Another cautionary remark is that the power of a book to lead to meaningful changes in thinking, feeling and behavior, can also have negative consequences. A famous example is Goethe’s book Die Leiden des jungen Werthers (1774) that is said to have inspired some readers to commit suicide. Failure to benefit from a self-help book may lead to self-blame and/or the worsening of symptoms (Rosen, 1987). An as yet unpublished study indicated that people that read a self-help book about depression with minimal help from a psychotherapist, wrongly concluded that they could not be helped at all if they did not profit from the advice offered (De Regt, personal communication); but empirical research suggests that these negative consequences are rather rare (Scogin, et al., 1996).

Indications for effectiveness of reading growth-oriented books

The effectiveness of growth-oriented self-help books has not yet been investigated in this way. There are, however, some indications of their effectiveness. One indication is the judgement of these books by professionals and another is the readers’ evaluations. Still another indication for effectiveness is the relevance of the topics addressed. Below we will check that relevance in a comparison of topics in the books and the conditions for happiness observed in empirical research.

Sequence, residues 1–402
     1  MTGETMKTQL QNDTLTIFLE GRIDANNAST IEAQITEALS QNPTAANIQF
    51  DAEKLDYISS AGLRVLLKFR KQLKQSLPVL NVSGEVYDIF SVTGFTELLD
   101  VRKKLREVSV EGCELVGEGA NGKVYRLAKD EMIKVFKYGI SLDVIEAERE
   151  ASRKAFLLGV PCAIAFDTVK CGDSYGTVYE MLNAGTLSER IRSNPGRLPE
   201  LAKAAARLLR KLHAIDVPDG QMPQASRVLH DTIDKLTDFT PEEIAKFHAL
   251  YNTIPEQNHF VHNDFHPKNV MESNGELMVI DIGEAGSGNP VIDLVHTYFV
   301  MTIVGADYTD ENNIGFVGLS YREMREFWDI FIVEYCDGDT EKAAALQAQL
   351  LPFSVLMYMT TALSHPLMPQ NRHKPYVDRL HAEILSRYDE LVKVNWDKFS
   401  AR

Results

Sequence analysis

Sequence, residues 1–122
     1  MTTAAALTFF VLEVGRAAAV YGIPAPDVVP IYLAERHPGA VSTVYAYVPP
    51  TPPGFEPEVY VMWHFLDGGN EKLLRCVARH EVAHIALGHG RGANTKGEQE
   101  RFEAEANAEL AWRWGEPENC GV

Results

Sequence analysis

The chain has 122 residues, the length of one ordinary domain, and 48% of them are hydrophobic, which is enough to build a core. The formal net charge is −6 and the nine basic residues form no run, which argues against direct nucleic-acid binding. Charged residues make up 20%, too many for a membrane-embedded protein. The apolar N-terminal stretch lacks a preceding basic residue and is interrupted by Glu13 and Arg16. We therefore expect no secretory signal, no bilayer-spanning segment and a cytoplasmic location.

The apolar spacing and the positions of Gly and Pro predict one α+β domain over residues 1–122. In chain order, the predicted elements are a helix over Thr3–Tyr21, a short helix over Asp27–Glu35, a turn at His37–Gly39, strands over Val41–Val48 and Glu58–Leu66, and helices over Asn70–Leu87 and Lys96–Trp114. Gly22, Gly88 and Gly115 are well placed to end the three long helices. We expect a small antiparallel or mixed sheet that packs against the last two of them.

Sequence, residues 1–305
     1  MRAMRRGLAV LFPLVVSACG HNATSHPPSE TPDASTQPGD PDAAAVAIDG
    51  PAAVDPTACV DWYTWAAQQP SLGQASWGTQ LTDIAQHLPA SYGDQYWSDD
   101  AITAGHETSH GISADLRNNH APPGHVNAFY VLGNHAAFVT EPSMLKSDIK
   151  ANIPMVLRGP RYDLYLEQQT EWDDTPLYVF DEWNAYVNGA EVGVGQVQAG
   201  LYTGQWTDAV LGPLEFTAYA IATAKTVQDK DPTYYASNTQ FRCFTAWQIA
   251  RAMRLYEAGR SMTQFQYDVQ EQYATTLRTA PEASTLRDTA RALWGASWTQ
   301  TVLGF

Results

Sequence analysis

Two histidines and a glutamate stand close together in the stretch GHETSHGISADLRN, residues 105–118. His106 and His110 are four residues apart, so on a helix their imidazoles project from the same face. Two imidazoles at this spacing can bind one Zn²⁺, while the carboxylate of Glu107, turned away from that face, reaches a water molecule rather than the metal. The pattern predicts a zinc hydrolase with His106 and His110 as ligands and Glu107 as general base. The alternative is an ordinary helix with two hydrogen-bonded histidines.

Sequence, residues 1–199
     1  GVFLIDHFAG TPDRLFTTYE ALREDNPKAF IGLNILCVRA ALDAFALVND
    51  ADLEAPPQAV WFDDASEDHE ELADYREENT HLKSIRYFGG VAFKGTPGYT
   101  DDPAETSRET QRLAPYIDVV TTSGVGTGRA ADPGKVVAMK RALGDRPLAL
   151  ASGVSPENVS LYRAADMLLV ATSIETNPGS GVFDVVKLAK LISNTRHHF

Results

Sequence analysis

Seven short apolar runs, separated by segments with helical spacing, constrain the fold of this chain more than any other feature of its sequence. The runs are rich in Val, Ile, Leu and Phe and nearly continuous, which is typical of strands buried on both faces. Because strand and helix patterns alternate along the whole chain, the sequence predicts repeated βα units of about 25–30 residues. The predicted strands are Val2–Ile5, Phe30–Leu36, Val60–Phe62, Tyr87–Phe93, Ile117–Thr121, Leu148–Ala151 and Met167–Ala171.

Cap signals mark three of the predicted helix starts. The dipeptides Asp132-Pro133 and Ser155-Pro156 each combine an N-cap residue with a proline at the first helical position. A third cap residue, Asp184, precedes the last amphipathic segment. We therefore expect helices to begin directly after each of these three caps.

Clinicians’ ratings of self-help books

The Authoritative guide to self-help resources in mental health (Norcross et al., 2000) has brought together the reviews and ratings of more than a thousand American clinicians about 600 self-help books for different categories like schizophrenia, mood disorders, anxiety, stress-management and headaches. The problem-focused books are dominant, but some of he categories such as Career development, Self-management and self-enhancement and Spiritual and Existential concerns are clearly growth oriented.

The selection of self-help books was not random, but it is encouraging that the reviews are predominantly positive. Nineteen percent of the books are considered very helpful and one percent is rated negative. Another indication for the quality of self-help books is the fact that a large number of psychotherapists (85%) recommend self-help books to clients (Campbell & Smith, 2003; Norcross et al., 2000; Starker, 1988).